1964: Basic

In 1964, John G. Kemeny and Thomas E. Kurtz designed the original BASIC (Beginner's All-purpose Symbolic Instruction Code) language at Dartmouth College in New Hampshire, United States. They wanted to enable students in fields other than science and mathematics to use computers. Having an easy-to-learn language on these early personal computers allowed small business owners, professionals, hobbyists, and consultants to develop custom software on computers they could afford.

1964: TRAC

TRAC (for Text Reckoning And Compiling) Language is a programming language developed between 1959-1964 by Calvin Mooers and implemented on a PDP-10 in 1964 by L. Peter Deutsch. TRAC is a purely text-based language—a kind of macro language. Unlike traditional ad hoc macro languages of the time, such as those found in assemblers, TRAC is well planned, consistent, and in many senses complete. It has explicit input and output operators. TRAC is, like APL or LISP, an expression oriented language.

Around 1965: CPL

Around 1966: Algol W

1967: BCPL

1968: Logo

1969: B

1969:

Alan Kay invents object oriented programming and calls it Smalltalk, in Smalltalk everything is an object, even an object is an object. No one really has time to understand the meaning of small talk.

1970: Forth

1970: Pascal

1970: Icon

1970: Algol 68

1970:

Niklaus Wirth makes Pascal become a thing along with a number of other languages, he likes making languages. He also invents Wirth’s law which makes Moore’s law obsolete because software developers will write so bloated software that even mainframes cannot keep up. This will later be proven to be true with the invention of Electron.js.

1971:

Dennis Ritchie got bored during work hours at Bell Labs so he decided to make C which had curly braces so it ended up being a huge success. Afterwards he added segmentation faults and other developer friendly features to aid productivity.

Still having a couple of hours remaining he and his buddies at Bell Labs decided to make an example program demonstrating C, they make a operating system called Unix.

1972: PL/M

1974: Clu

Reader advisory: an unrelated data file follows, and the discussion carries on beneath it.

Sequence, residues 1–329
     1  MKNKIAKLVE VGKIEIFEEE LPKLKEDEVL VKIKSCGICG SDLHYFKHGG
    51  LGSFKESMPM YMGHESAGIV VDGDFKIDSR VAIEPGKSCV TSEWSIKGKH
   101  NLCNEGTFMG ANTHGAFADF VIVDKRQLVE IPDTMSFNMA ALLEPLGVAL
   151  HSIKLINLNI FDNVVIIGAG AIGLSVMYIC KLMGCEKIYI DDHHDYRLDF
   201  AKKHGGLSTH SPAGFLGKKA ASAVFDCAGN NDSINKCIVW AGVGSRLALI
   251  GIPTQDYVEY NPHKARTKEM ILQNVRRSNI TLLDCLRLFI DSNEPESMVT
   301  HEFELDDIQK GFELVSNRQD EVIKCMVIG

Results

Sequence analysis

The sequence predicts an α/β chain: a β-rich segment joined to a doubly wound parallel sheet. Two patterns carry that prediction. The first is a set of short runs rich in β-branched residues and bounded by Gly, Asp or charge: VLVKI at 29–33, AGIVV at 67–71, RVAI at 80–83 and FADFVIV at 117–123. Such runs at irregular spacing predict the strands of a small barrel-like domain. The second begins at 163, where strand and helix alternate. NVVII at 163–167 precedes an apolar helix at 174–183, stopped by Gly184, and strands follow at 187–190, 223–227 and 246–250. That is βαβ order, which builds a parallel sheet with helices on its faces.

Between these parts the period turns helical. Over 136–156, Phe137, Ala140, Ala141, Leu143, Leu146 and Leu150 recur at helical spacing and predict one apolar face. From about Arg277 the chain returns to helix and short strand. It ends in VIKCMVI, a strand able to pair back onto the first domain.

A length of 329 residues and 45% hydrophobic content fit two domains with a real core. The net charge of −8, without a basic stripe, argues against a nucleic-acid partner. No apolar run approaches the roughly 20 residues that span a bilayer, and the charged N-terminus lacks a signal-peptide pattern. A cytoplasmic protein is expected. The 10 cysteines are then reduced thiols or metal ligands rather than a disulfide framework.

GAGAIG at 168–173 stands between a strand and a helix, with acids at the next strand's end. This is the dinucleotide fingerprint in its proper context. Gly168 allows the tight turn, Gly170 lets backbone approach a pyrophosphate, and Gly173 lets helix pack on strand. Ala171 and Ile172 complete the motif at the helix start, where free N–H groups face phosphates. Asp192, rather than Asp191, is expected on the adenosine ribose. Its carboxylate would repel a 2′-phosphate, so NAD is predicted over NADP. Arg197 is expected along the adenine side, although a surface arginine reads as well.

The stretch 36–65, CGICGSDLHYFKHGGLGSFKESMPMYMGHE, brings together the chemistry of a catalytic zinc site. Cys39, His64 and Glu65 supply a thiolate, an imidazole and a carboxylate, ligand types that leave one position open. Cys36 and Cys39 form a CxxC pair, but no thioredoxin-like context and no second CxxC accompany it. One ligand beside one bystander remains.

1975: Modula

1975: Scheme

1978: awk

1978: csh

Around 1978: InterPress

1978: JaM

1979: Rex

1979: Ada

1980: C with Classes

1981: ABC

1982: ksh

1983: Turbo Pascal

1983: Objective-C

1983: C++

1983: ML

1984: PostScript

1984: Neon

1984: Concurrent C

1984: Common Lisp

1985: Object Pascal

1986: Eiffel

1987: Oberon

1987: Caml

1987:

Larry Wall has a religious experience, becomes a preacher and makes Perl the doctrine.

1983:

Jean Ichbiah notices that Ada Lovelace programs never actually ran and decided to create a language with her name but the language continues to be not run.

1986:

Brac Box and Tol Move decide to make an unreadable version of C based on Smalltalk which they call Objective-C but no one is able to understand the syntax.

1983:

Bjarne Stroustrup travels back to the future and notices that C is not taking enough time to compile, he adds every feature he can think of to the language and names it C++.

Programmers everywhere adopt it so they have genuine excuses to watch cat videos and read xkcd while working.

1988: Tcl

1988: Modula 3

1989: Yerk

1989: Clos

1989: bash

1991: NetRexx

1991: Java

1991: Sather

Around 1991: Visual Basic

1991:

Guido van Rossum does not like culy braces and invents Python, syntax choices were inspired by Monty Python and the Flying Circus.

Around 1993: Mops

1993:

Roberto Ierusalimschy and friends decide they need a scripting language local to Brazil, during localization an error was made that made indices start counting from 1 instead of 0, they named it Lua.

1993:

Yukihiro Matsumoto is not very happy, he notices other programmers are not happy. He creates Ruby to make programmers happy. After creating Ruby “Matz” is happy, the Ruby community is happy, everyone is happy.

1994:

Rasmus Lerdorf makes a template engine for his personal homepage CGI scripts, he releases his dotfiles on the web.

The world decides to use these dotfiles for everything and in a frenzy Rasmus throws some extra database bindings in there for the heck of it and calls it PHP.

1995: Delphi

1995: PHP

1995:

Brendan Eich takes the weekend off to design a language that will be used to power every single web browser in the world power and eventually Skynet . He originally went to Netscape and said it was called LiveScript but Java became popular during the code review so they decided they better use curly braces and rename it to JavaScript.

Java turned out to be a trademark that would get them in trouble, JavaScript later gets renamed to ECMAScript and everyone still calls it JavaScript.

1996: J

1996: Objective Caml

1996:

James Gosling invents Java, the first truly overly verbose object oriented programming language where design patterns rule supreme over pragmatism.

Its super effective, the manager provider container provider service manager singleton manager provider pattern is born.

2000:

Anders Hejlsberg re-invents Java and calls it C# because programming in C feels cooler than Java. Everyone loves this new version of Java for totally not being like Java.


2000: Internet C++

2005:

David Hanselmeyer Hansen creates a web framework called Ruby on Rails, people no longer remember that the two are separate things.

2006:

John Resig writes a helper library for JavaScript, everyone thinks it’s a language and make careers of copy and pasting jQuery codes from the internets.

2009:

Ken Thompson and Rob Pike decide to make a language like C, but with more safety equipment and more marketable and with Gophers as mascots.

They call it Go, make it open source and sell Gopher branded kneepads and helmets separately.

2010:

Graydon Hoare also wants to make a language like C, he calls it Rust. Everyone demands that every single piece of software be rewritten in Rust immediately. Graydon wants shinier things and starts working on Swift for Apple.

2012: